I mean, for one thing, we’re telling people to stop using the phrase “pregnant mothers” since sometimes transgender men get pregnant. It seems kind of contradictory to think of this as a pressing issue, but also think that the fact that only 30% of harassment victims are men means that we should always use female pronouns for generic harassment victims, and always generically call perpetrators “males in position of power”.
But there’s also a deeper issue. Suppose I write about how we need to do more to support the victims of terrorism. Sounds good. But what if I write about how we need to do more to support the Christian victims of Muslim terrorism? Sounds…like maybe I have an agenda. If I write story after story about how Christians need to be on the watch out for Muslim terrorists, but Muslims need to be on the watch out for other Muslims being terrorists, and if I tell Muslim victims of Christian terrorism to stay silent because that’s not “structural oppression” – then that “maybe” turns to “obviously”. This is true even if the numbers show terrorists are disproportionately Muslim.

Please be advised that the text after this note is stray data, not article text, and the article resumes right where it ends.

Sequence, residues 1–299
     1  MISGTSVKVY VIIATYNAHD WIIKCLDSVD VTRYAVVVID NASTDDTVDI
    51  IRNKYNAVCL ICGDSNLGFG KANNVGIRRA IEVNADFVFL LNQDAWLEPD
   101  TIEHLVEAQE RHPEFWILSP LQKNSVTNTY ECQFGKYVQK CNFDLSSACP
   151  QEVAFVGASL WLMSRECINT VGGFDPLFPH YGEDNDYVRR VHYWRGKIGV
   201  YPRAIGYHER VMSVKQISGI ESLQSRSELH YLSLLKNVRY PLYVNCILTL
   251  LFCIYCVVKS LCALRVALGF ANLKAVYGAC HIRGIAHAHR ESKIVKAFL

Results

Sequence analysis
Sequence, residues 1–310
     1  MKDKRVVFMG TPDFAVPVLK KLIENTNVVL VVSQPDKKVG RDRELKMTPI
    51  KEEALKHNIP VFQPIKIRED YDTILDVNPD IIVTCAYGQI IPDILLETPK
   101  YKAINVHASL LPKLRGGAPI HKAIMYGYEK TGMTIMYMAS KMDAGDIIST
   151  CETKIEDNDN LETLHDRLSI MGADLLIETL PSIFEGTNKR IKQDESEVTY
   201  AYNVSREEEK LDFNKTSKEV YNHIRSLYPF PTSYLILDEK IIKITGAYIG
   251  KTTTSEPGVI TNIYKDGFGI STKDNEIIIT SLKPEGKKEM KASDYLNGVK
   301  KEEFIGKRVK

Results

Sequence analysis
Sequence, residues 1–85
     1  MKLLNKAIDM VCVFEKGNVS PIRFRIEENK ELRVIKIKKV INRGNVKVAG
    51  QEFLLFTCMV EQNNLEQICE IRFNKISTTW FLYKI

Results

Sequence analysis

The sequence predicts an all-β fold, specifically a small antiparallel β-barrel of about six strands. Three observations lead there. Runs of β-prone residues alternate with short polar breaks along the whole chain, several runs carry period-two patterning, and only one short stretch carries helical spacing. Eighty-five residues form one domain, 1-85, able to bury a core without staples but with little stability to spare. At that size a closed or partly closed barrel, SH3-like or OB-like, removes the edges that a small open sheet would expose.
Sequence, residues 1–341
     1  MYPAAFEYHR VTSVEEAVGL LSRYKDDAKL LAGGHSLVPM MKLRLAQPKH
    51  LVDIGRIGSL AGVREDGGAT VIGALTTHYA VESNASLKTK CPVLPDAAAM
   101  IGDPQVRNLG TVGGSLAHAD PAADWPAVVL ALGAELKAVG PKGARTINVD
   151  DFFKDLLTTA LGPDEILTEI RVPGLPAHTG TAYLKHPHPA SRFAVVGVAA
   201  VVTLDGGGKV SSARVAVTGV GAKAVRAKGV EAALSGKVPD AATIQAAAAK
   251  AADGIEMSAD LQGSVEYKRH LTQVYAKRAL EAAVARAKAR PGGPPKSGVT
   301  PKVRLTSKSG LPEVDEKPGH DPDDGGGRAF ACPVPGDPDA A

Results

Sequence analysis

Or suppose I write about how we need to do more to help the victims of crime. Again, sounds good. What if I write about how we need to do more to help white victims of black criminals? Again, this does not sound so good, unless you happen to be Richard Spencer. If I write articles like “We Must Challenge All Blacks About Crime” or “Whites Are Attacked By Blacks In Almost Every Neighborhood”, then probably I am Richard Spencer. This is true regardless of whether the statistics show a racial skew in perpetrators. Nobody would accept “yeah, but I’m right about what the ratio is” as an excuse that your motives were pure.